Florida can't prevent a teacher from asking students to use her preferred pronouns, according to the rules – Top Stories (Trending Perfect)


Florida cannot prevent a 10th grade math teacher from asking her students to call her by their preferred pronouns. A federal judge ruled.

The decision by US District Judge Mark Walker is a blow to an anti-LGBT law championed by Gov. Ron DeSantis, which bans discussion of sexuality in public schools. A 2023 Expansion of the measurewidely known as the “Don't Say Gay” law, prohibits teachers and students from using pronouns that match their gender identity.

Tuesday's decision, a preliminary injunction, bars the state of Florida from enforcing the law against Katie Wood, a transgender 10th-grade algebra teacher in Hillsborough County. Wood had always called herself “Mrs. Wood” at school, but the law made her require her students to call her “Teacher Wood” — a title no one else at the school used.

“Florida has a First Amendment problem. Lately, it has happened so frequently, some might say, that you could set your watch with it, Walker, an appointee of Barack Obama, wrote in his ruling. “The question before this Court is whether the First Amendment allows the state to dictate, without limitation, how public school teachers refer to themselves when communicating with students. The answer is a resounding ‘no.’

Wood and two transgender teachers He filed a lawsuit against the state in 2023Saying the law violates their constitutional right to free expression and equal protection under the law as well as federal laws prohibiting discrimination on the basis of sex.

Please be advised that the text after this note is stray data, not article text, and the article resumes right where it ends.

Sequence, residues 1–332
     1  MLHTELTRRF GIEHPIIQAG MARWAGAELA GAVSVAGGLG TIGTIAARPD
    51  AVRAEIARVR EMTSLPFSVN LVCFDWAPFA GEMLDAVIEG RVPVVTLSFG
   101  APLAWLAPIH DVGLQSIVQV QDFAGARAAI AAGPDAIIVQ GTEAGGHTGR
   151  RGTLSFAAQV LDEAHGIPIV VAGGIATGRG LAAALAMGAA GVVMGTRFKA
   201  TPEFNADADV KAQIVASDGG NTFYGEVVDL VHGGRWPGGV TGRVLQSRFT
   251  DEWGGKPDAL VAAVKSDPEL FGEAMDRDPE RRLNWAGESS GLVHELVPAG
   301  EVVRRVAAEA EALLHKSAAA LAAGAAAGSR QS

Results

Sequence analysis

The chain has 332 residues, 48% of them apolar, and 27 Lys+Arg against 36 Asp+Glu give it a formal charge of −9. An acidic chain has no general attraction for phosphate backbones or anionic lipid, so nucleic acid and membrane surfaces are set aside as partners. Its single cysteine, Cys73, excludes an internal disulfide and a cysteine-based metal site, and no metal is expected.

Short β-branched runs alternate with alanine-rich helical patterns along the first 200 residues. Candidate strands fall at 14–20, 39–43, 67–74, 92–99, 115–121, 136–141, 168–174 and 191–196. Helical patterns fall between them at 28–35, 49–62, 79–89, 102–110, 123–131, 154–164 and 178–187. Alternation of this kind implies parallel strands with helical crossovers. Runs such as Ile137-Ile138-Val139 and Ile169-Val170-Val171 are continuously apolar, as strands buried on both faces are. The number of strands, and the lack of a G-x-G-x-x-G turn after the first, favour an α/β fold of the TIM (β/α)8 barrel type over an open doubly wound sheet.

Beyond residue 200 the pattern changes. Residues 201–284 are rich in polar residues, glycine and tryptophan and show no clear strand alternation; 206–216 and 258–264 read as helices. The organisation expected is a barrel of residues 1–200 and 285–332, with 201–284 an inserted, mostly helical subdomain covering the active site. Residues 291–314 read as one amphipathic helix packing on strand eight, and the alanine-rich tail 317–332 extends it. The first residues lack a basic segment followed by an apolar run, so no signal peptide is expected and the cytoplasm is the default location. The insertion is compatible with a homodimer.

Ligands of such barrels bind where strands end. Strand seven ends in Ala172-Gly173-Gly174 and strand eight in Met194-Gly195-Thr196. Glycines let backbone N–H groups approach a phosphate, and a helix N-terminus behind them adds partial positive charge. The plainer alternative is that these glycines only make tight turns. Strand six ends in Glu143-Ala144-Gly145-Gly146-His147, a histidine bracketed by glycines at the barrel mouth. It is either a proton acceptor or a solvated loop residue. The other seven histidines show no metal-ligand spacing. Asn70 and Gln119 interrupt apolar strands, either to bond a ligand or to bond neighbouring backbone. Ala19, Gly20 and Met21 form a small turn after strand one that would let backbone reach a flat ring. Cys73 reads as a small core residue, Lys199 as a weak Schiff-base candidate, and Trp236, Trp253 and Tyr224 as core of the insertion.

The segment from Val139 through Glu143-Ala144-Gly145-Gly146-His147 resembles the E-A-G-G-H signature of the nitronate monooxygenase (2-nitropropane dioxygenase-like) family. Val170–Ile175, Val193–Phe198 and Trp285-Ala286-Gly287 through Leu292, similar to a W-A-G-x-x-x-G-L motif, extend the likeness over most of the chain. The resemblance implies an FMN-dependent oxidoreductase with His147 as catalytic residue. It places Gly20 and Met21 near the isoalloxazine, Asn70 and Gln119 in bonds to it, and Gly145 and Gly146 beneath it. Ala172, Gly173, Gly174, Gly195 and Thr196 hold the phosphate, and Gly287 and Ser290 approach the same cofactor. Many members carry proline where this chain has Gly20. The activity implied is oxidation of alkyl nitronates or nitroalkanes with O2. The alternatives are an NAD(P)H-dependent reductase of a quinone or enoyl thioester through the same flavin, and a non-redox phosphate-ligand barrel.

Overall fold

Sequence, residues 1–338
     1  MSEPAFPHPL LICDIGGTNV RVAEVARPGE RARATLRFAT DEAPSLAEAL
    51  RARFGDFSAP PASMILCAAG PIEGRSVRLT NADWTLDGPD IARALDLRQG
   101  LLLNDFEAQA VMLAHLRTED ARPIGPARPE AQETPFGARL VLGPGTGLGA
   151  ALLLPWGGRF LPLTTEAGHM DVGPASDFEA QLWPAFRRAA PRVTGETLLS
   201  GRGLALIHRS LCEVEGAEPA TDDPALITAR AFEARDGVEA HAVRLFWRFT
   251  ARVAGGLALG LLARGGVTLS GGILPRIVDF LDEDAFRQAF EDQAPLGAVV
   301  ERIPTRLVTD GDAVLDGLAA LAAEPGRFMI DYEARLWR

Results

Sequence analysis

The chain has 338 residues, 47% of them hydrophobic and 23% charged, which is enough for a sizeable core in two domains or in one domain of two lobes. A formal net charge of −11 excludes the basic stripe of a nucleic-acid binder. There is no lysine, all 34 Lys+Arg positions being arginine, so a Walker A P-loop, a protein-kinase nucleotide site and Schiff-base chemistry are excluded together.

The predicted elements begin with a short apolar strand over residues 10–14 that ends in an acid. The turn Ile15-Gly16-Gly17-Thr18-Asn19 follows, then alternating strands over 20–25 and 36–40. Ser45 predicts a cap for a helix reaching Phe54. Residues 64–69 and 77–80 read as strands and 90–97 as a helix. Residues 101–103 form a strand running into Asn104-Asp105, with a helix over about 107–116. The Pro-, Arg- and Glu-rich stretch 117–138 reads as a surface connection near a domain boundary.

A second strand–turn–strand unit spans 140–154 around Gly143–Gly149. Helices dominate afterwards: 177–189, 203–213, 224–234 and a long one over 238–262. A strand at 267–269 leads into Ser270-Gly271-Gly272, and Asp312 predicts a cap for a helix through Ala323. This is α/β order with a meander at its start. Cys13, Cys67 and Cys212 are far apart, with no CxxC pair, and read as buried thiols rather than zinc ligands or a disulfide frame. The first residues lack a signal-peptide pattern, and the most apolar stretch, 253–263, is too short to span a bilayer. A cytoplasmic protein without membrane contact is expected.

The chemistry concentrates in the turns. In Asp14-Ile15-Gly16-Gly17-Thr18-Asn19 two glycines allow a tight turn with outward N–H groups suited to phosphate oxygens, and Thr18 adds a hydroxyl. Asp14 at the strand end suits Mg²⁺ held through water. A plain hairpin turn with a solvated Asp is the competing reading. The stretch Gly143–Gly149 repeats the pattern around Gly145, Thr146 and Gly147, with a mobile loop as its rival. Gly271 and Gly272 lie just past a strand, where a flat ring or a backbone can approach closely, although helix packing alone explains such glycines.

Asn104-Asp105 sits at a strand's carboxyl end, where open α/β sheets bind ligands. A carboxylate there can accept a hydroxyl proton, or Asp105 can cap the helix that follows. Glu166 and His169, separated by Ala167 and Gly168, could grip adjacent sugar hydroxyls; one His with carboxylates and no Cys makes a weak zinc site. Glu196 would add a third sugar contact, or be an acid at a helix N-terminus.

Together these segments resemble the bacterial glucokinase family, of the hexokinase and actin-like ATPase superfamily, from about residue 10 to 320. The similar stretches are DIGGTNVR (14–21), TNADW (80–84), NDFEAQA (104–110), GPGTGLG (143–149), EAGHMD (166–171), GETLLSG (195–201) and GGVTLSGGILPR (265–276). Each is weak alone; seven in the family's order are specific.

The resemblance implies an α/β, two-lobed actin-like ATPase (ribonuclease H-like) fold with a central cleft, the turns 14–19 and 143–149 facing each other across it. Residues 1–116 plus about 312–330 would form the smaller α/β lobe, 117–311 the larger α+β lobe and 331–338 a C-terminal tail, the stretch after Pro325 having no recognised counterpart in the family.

Walker's ruling Wednesday applies only to Wood, not statewide. Walker said her lawyers have yet to adequately explain why the law is unconstitutional on its face and not just unconstitutional because it was applied to her specifically.

Walker also declined to rule in favor of Av Schwandes, a non-binary teacher who was fired from a Florida virtual school after he began using the honorific moniker “Mx.” The Schwandes did not provide evidence that they were seeking employment at a school where their speech would be restricted by the use of pronouns or intended to take future actions where their First Amendment rights would be at risk.

At the end of his 60-page ruling, Walker, a judge known for his lively writing style, quoted Walt Whitman: “Song of Myself” He offered a comprehensive defense of why the Constitution protected Wood.

“By sharing her surname and preferred pronouns, Ms. Wood celebrates and sings for herself — not in a subversive or forced way, but in a way that skillfully defends her identity, dignity, and humanity,” he wrote. He added that the Florida law “silenced her, and by silencing her, forced her to live in an identity that was not her own.”

He continued: “The state of Florida did not justify this dangerous seizure, and therefore the Constitution of the United States does not tolerate it.” “Ours is a union of individuals, celebrating ourselves, singing for ourselves and being ourselves unapologetically.”



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